The G-8 Ignores Economic Troubles

Despite broad and deepening problems, the G-8 got bogged down with Syria and minutiae.

The group of wealthy industrial nations known as the G-8 met earlier this week, the thirty-ninth gathering since the group began meeting in the 1970s. As is so often the case with higher-level international meetings, this one has offered the world both reason for hope and reason for disappointment.

On the hopeful side was the willingness to at last address the Syrian mess, including the gumption (a trait usually absent from such gatherings) to confront Russia’s support of the Assad regime. Also encouraging was the stated intention of the assembled presidents and prime ministers to craft a major trade agreement between the United States and the European Union.

On the disappointing side was how the group all but ignored the world’s more immediate and urgent economic and financial concerns: for instance, Europe’s ongoing recession and fiscal crisis, the associated question of banking reform, the less-than-stellar economic and financial position of the United States, and concerns that Japanese prime minister Shinzo Abe’s economic program raises the prospect of a currency war.

As important as the Syrian crisis and long-term trade issues are, the G-8 has no basis for its neglect of such crucial matters. The news of the day certainly seems to demand attention. Europe’s economy has, if anything, become sicker over time and seems to sink deeper into recession with each new statistical release. Unemployment for the continent as a whole totals over 26.5 million—12.2 percent of the workforce—and, in harder-hit regions, it exceeds 20 percent. The recovery in North America is far from breaking any speed records, while U.S. fiscal policy remains a shambles, threatening global financial stability. Japan has pursued a questionable but nonetheless aggressive policy that the G-20, another group of the world’s major trading nations, has already criticized as a form of currency manipulation to promote exports at the expense of Tokyo’s trading partners. The G-8 negligence is that much more upsetting because Europe in particular at present seems to have lost the policy consensus it once had.

Nor can the G-8 claim the press of circumstances as an excuse for such negligence. The intention to ignore such matters was clear from the start. According to this meeting’s host, British prime minister David Cameron, the agenda was set originally to focus only on what he called the three Ts: trade, transparency and tax.

The first of these referred to the launch of negotiations for a U.S.-Europe trade deal. It may well promote growth and employment, as the press release claims. But since even its most ardent supporters expect will take more than two years to have effect, it hardly offers an answer for today’s urgent economic and financial strains.

The other two Ts conflate into an effort to crack down on tax avoidance and evasion. The EU claims that avoidance takes some one trillion euros a year out of government revenues, so such efforts could help close huge fiscal imbalances. But surely this is not enough to solve Europe’s ongoing financial problems and can only offer marginal relief to the Continent’s economic suffering. This agenda was a clear departure from that of last year’s G-8, which openly debated policies to alleviate economic and financial distress.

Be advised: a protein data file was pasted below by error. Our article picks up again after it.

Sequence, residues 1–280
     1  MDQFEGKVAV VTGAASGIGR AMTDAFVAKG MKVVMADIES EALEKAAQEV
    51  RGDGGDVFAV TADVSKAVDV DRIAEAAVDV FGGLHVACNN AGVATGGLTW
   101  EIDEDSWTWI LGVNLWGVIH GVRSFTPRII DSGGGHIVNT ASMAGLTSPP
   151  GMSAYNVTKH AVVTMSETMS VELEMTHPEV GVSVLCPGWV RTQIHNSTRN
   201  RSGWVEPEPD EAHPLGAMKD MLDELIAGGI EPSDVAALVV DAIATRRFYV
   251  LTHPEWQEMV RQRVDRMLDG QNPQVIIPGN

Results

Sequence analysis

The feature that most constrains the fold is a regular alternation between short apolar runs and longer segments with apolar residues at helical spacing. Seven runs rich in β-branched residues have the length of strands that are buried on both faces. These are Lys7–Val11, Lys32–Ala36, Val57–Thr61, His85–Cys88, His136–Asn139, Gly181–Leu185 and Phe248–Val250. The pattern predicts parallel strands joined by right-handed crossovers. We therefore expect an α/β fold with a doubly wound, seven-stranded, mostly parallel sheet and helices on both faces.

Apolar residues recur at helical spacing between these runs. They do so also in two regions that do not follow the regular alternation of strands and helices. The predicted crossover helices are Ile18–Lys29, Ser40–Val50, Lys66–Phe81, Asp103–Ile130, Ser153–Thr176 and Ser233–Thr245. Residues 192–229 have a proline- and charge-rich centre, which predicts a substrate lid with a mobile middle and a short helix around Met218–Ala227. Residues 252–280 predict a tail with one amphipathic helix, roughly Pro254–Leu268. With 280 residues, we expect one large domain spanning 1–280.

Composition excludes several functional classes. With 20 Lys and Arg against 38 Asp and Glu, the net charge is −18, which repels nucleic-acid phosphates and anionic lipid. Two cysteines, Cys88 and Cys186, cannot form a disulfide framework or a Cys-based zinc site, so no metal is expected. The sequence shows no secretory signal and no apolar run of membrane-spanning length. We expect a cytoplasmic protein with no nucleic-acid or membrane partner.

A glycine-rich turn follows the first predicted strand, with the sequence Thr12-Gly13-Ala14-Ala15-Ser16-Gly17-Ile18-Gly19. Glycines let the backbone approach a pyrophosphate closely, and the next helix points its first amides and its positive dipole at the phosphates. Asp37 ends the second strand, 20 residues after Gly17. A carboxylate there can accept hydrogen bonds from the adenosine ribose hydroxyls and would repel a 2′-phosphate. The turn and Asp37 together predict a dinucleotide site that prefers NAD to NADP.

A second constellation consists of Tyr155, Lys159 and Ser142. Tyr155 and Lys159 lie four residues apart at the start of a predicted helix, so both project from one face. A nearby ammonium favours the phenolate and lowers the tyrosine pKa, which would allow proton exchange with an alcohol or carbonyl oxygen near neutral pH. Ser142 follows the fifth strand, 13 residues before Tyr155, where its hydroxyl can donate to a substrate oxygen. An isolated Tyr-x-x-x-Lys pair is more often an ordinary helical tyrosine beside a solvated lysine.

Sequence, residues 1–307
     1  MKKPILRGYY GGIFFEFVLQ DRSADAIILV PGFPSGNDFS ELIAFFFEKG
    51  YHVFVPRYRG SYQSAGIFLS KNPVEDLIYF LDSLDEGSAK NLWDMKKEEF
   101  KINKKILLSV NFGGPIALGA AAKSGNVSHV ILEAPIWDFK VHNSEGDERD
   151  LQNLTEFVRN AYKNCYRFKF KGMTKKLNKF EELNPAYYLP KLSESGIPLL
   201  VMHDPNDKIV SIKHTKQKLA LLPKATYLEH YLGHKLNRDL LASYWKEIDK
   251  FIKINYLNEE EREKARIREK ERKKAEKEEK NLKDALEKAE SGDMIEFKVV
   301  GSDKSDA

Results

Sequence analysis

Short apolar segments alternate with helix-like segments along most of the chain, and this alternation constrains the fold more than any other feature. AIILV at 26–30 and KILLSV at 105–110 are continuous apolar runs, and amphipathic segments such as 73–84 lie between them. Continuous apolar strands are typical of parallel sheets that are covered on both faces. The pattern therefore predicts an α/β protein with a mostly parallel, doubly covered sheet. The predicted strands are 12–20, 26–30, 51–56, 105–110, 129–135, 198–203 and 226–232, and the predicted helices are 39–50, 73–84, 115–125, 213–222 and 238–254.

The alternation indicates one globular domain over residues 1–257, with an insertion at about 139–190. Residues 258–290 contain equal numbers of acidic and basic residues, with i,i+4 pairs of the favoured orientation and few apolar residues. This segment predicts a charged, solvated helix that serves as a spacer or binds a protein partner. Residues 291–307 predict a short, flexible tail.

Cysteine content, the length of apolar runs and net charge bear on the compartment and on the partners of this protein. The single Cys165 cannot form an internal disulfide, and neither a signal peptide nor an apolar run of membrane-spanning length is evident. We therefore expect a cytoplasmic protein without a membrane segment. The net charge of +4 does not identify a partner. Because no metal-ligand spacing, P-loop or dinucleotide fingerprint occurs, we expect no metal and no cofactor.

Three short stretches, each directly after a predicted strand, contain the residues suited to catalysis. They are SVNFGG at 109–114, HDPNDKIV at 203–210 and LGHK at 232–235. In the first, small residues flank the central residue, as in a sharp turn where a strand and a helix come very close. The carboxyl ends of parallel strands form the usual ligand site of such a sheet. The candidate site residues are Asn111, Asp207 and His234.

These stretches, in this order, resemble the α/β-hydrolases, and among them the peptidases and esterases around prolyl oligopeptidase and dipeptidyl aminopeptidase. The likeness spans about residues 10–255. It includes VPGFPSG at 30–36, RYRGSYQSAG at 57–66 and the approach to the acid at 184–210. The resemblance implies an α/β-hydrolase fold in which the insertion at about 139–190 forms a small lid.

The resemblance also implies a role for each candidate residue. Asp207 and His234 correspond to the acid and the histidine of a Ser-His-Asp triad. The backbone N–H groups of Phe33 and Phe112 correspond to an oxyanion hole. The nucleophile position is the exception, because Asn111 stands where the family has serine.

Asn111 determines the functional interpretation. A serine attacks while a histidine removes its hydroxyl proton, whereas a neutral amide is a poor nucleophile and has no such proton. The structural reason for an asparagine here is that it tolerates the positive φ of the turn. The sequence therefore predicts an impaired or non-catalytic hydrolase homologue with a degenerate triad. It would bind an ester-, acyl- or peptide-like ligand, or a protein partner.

If anything, the guidance and insight that a G-8 debate could provide is more important now than it was a year ago. Then, Europe still held to a policy consensus, a dual emphasis on budget austerity and the kinds of structural reforms that could make these economies more flexible, growth-oriented and competitive. It was effectively a broad application of the German reforms of some years ago that had strengthened that economy and its finances.

But since the 2012 G-8, politics has muddled this commitment. Mixed election results in Italy have eroded Rome’s commitment to both the austerity and the structural reforms. Spain, Portugal, France and others have, to varying degrees, turned away from the policy consensus as well. Greek difficulties with privatizing government assets have also created doubts about future policy directions. Now, against such wavering across Europe, questions have arisen about whether the German elections this September will produce a result that will interfere with the country’s support for Europe.

This certainly is not the time for the G-8 to effectively pretend that these economic, financial and policy needs do not demand the guidance it could bring. Doubtless, Europe’s and the world’s economic and financial difficulties are too complex for even the most forceful and transparent G-8 debate to offer all or even most of the answers. But the absence of such a debate will surely only deepen those problems by creating still greater doubt and more policy drift. Strides on Syria, the prevention of tax evasion, and longer-term trade questions are clearly important and deserve attention. But the failure of this year’s G-8 to take up the day’s immediate economic and fiscal urgencies is a disappointment, perhaps even a dereliction of duty.

Milton Ezrati is senior economist and market strategist for Lord, Abbett & Co. and an affiliate of the Center for the Study of Human Capital and Economic Growth at the State University of New York at Buffalo. He writes frequently on economics and finance. His new book, Thirty Tomorrows, linking globalization to aging demographics, is forthcoming from Thomas Dunne Books of Saint Martin’s Press.